Saudi pharmaceutical industry to grow 10 percent in 2014

Updated 06 January 2014
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Saudi pharmaceutical industry to grow 10 percent in 2014

The pharmaceutical sector is predicted to grow by 10 percent and 9 percent in Saudi Arabia and the rest of the GCC states respectively, local media said quoting experts.
The pharmaceutical market in the Kingdom is promising in terms of the number of factories, which stands at 13, or the volume of investments in the sector, Wail Al-Qasim, head of drug firms committee at Riyadh Chamber of Commerce and Industry (RCCI), said.
The Kingdom is considered the major pharmaceuticals business player in the GCC, which was demonstrated in the government’s concern over the medical sector in general where some SR108 billion ($28.8 billion) was allocated in the budget for the sector, he was quoted by Asharq Al-Awsat daily as saying.
A recently-released report, meanwhile, said the GCC countries have captured 89 percent of the total medicine sales in the Middle East.
The report, released by British Deloitte firm, referred to the positive trends in the GCC region, including continued improvement in health care, governmental spending in technology and health education, establishment of a number of medical centers and strong growth of medical tourism.
However, certain factors remain, which will impede the growth of medicine sector in the region such as instability and upheavals prevailing in some countries of the Middle East and North Africa (MENA), the report said.
According to the report, the pharmaceutical firms in the region are experiencing pressures to repay debts due to rising costs and complexity in the global health system. The drug industry is primarily concentrated in Saudi Arabia, the UAE, Jordan, Syria, and Egypt and, to a lesser degree, in Bahrain, Kuwait, Oman, and Qatar, the report said.
The pharmaceutical sector, especially bio-technology and medical technology in the MENA region are expected to face two key challenges in the current year - firstly, product registration and pricing and, secondly, protection of intellectual property, the report said.
The two issues together with the turmoil will adversely affect enthusiasm of global drug manufacturers in their endeavors to conduct research in the Middle East region, the report said.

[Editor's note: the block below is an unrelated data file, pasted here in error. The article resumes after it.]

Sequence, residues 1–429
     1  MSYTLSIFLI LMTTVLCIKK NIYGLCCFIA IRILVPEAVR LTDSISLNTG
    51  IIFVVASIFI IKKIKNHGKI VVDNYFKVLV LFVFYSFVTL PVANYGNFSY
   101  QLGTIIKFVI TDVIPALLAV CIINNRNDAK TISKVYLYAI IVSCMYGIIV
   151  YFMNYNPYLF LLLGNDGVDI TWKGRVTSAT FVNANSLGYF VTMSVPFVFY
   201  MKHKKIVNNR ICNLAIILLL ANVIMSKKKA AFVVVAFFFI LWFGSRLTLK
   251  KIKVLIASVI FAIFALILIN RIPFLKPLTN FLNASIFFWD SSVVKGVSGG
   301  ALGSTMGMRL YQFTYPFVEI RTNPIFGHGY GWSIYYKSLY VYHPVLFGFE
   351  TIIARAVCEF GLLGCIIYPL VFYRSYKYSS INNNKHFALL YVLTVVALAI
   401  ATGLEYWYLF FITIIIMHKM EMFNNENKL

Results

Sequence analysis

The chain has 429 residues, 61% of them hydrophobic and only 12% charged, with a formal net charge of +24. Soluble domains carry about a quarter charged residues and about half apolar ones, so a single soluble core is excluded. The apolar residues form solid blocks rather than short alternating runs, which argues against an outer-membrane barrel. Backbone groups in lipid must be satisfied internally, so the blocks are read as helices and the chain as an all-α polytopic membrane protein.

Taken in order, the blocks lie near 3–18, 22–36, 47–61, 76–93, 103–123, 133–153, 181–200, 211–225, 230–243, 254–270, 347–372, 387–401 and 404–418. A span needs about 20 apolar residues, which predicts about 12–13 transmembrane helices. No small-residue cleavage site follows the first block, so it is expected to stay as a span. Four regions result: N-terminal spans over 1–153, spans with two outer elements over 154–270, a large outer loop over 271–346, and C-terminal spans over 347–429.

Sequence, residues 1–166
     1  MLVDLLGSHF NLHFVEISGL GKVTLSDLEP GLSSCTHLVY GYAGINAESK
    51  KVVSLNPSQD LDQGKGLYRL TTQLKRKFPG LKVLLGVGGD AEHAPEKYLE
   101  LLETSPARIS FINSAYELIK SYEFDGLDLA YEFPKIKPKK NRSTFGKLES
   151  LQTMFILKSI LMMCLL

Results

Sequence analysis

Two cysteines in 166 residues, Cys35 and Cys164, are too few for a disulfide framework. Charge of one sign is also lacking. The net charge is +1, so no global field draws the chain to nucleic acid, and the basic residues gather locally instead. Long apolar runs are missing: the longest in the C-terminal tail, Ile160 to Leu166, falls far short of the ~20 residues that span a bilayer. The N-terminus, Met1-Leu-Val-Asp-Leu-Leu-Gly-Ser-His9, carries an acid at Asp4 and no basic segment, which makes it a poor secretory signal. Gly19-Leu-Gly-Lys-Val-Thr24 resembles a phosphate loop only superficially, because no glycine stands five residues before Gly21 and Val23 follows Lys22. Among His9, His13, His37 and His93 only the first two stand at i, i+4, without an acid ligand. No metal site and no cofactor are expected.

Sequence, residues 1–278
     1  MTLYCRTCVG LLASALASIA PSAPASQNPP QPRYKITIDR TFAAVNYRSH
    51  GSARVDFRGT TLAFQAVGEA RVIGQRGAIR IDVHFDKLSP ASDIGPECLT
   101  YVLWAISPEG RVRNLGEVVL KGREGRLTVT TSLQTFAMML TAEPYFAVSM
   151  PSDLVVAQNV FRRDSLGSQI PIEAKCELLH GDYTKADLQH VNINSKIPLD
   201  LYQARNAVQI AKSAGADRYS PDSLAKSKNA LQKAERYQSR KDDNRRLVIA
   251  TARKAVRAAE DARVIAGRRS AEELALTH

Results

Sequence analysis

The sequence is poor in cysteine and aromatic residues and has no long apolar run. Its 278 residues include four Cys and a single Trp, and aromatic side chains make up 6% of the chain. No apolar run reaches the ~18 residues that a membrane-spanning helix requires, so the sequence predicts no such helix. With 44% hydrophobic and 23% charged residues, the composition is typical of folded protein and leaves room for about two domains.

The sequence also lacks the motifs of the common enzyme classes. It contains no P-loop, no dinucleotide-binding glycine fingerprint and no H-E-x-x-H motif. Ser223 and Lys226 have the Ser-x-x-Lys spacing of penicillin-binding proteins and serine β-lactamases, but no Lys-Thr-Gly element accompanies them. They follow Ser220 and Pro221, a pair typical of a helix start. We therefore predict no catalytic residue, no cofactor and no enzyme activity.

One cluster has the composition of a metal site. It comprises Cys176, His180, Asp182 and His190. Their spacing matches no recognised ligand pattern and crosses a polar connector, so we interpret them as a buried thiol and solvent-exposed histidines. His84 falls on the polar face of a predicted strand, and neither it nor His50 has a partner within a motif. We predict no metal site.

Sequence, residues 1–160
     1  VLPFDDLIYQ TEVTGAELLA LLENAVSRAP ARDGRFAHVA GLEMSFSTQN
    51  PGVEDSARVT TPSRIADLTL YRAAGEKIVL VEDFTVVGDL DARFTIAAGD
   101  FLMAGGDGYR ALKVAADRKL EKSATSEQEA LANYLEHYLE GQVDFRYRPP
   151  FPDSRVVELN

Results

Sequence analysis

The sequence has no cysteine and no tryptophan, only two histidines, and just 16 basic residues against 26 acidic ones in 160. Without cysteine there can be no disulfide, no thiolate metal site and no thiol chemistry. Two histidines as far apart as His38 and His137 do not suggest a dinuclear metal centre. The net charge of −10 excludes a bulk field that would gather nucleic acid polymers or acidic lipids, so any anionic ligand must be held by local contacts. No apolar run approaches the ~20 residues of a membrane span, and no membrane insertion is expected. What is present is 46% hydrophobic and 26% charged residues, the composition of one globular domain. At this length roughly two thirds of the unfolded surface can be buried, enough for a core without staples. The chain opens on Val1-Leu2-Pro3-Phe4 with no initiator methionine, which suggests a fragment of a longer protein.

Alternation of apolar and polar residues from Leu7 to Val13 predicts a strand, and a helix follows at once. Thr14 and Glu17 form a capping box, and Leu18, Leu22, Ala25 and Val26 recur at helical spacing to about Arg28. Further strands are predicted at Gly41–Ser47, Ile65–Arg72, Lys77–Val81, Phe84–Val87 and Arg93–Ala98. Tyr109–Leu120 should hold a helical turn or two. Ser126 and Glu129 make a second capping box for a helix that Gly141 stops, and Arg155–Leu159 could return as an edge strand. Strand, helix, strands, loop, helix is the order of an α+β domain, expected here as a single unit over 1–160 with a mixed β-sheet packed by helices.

The GCC countries have been supportive to the growth of medical sector due to the importance of their economic activity in the MENA region and the increased growth of their population, Hasib Jabir of Deloitte firm was quoted as saying.
Patent-registered drugs represent 90 percent of the total sales based on prescriptions in the MENA region; however, the major challenge in this context lies in the timely registration and approval of new products, the report added.


Oil prices rise after tanker attacks stoke Middle East tensions

Updated 12 min 36 sec ago
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Oil prices rise after tanker attacks stoke Middle East tensions

  • Second time in a month tankers have been attacked in the world’s most important zone for oil supplies
  • Washington blames Iran for Thursday’s attacks

TOKYO: Oil prices rose on Monday after US Secretary of State Mike Pompeo said Washington will take all actions necessary to guarantee safe navigation in the Middle East, as tensions mounted following attacks on tankers last week.
Brent futures had climbed 26 cents, or 0.4 percent, to $62.27 a barrel by 0314 GMT. They gained 1.1 percent on Friday.
US West Texas Intermediate (WTI) crude futures were up 17 cents, or 0.3 percent, at $52.68 a barrel. They rose 0.4 percent in the previous session.
Prices had jumped as much as 4.5 percent on Thursday after the attacks on two oil tankers near Iran and the Strait of Hormuz.
It was the second time in a month tankers have been attacked in the world’s most important zone for oil supplies as tensions increase between the United States and Iran. Washington blamed Iran for Thursday’s attacks, prompting a denial and criticism from Tehran.
“We don’t want war. We’ve done what we can to deter this,” Pompeo said in an interview with Fox News Sunday, adding: “The Iranians should understand very clearly that we will continue to take actions that deter Iran from engaging in this kind of behavior.”
Tensions between Iran and the United States have risen since US President Donald Trump pulled out of a deal last year between Iran and global powers that aimed to curb Tehran’s nuclear ambitions in exchange for sanctions relief.
Iran has repeatedly warned it would block the Strait of Hormuz if it cannot sell its oil because of US sanctions.
“Growing tensions in the Middle East remain a cause for concern as traders fear supply disruptions over an escalation toward militaristic conflicts,” said Benjamin Lu, an analyst at Phillip Futures in Singapore.
Also supporting prices were comments over the weekend by the Saudi energy minister, Khalid Al-Falih, that OPEC would probably meet in the first week of July and he hoped it would reach an agreement on extending oil output curbs.
“We are hoping that we will reach consensus to extend our agreement when we meet in two weeks time in Vienna,” Falih told reporters while attending a G20 energy and environment ministerial meeting in Karuizawa, northwest of Tokyo.
The Organization of the Petroleum Exporting Countries plus Russia and other producers, an alliance known as OPEC+, have a deal to cut output by 1.2 million barrels per day (bpd) from Jan. 1. The pact ends this month and the group meets in coming weeks to decide the next move.
US energy companies also cut the number of oil rigs operating for a second week in a row, with production growth expected to slow as crude prices fell to near their lowest levels of the year.